One of our difficulties at the present time has been to get enough money to finance, particularly the medical students, because, as you know, the term has been shortened on account of war requirements and in that connection the medical student has not time to go out through the summer as he used to do to earn a little money to enable him to finance the following year. The Government has very kindly stepped in but there are other sources of supply. It is a difficult problem to finance a great many of these young students, particularly in dentistry, medicine and engineering. The Arts students still have a little edge, as it were, in that particular connection.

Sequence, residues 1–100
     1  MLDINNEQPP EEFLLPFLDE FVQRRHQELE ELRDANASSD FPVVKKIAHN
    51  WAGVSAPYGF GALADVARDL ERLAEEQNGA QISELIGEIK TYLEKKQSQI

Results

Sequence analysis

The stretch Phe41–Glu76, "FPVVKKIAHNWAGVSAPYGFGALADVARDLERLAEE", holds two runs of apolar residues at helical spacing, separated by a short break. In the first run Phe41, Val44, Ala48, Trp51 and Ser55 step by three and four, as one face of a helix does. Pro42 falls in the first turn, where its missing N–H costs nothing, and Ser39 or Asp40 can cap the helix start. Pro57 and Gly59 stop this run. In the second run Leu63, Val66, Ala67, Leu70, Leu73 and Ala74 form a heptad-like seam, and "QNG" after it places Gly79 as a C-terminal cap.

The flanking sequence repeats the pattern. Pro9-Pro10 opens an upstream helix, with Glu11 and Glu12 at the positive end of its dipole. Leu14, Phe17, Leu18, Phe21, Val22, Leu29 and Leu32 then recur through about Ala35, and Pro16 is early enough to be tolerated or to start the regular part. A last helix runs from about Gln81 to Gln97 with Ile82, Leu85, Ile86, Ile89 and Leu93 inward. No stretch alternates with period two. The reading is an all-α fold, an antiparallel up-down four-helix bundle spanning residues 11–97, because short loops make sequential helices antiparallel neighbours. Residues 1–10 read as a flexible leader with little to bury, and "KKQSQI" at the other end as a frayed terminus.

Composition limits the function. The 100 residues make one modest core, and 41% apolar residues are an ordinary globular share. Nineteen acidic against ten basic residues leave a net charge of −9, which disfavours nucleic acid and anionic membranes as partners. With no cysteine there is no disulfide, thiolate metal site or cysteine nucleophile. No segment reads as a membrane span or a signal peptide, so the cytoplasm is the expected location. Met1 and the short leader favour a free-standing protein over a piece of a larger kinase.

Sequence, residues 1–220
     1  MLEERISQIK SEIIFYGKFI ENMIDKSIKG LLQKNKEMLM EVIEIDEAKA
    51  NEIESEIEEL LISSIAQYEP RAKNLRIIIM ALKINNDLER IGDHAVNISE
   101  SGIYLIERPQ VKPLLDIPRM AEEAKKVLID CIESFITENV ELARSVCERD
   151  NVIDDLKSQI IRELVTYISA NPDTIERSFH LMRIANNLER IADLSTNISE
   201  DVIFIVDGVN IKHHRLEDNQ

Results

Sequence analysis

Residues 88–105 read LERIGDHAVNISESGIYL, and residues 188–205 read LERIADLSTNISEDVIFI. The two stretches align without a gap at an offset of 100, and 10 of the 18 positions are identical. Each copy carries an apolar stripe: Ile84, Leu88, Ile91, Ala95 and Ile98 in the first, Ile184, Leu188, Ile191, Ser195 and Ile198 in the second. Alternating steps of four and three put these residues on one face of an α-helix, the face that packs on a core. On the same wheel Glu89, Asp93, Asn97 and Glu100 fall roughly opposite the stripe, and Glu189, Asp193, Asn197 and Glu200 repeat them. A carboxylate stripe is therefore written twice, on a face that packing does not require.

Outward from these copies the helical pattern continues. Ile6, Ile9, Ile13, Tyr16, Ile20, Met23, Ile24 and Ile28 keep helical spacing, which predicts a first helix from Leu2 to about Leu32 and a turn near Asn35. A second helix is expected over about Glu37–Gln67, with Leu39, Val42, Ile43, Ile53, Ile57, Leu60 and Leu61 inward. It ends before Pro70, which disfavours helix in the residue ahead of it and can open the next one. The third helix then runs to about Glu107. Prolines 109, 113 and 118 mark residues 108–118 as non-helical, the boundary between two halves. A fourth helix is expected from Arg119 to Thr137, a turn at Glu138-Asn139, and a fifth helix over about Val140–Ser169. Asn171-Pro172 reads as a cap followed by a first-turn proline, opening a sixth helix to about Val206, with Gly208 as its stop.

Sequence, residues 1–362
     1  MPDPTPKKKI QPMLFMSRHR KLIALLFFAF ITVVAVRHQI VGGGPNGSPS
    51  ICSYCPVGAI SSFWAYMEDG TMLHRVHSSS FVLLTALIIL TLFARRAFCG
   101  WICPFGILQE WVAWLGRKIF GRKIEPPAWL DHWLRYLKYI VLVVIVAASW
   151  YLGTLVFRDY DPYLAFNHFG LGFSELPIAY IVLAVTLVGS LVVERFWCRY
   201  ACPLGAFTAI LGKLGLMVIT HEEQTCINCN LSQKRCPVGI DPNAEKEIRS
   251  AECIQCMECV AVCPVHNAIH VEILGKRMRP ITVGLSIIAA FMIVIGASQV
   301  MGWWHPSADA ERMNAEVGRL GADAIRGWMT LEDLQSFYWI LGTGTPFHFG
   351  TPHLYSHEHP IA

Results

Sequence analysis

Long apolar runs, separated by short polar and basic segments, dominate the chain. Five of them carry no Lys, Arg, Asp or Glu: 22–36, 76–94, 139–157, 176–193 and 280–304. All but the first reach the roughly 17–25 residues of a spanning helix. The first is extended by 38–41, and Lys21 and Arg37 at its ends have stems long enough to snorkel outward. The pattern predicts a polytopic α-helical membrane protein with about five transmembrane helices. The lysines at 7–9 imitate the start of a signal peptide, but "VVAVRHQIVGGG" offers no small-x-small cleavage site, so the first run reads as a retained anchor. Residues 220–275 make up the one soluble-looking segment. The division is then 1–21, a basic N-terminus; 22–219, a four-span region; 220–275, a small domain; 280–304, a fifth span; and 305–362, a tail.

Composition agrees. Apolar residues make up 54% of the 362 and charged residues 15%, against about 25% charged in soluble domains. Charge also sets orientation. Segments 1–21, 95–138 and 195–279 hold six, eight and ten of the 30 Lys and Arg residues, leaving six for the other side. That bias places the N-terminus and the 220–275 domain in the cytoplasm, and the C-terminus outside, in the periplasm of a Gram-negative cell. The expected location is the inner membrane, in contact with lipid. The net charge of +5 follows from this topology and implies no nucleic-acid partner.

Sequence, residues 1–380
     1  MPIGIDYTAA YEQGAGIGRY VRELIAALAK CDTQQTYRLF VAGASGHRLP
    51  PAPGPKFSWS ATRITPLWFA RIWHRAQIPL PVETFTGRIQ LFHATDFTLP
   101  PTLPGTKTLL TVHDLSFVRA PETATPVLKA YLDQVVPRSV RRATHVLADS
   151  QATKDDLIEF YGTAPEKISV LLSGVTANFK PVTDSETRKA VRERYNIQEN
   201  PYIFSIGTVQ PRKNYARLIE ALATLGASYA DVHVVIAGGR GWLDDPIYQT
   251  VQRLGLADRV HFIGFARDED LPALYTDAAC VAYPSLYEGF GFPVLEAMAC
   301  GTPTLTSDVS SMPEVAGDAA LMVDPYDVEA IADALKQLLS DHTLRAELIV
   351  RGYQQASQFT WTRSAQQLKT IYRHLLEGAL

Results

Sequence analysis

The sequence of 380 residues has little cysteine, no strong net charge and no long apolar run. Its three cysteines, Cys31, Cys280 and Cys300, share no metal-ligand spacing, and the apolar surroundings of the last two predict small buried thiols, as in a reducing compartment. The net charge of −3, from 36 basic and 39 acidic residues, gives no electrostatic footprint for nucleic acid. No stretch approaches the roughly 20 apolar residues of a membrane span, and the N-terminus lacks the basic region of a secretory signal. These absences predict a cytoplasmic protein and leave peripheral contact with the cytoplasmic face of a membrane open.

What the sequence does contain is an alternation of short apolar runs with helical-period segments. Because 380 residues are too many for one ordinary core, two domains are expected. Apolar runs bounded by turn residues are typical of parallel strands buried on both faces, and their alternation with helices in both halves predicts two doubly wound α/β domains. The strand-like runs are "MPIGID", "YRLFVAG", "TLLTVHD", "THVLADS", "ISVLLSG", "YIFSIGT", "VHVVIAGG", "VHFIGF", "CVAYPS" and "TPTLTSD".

Professor Langford, you have heard the vote of thanks, so ably voiced by Mr. Bryce, and you have heard how it was received by your audience. Again we thank you for taking the trouble to prepare this paper and to come and deliver it to us today. Thank you, Sir.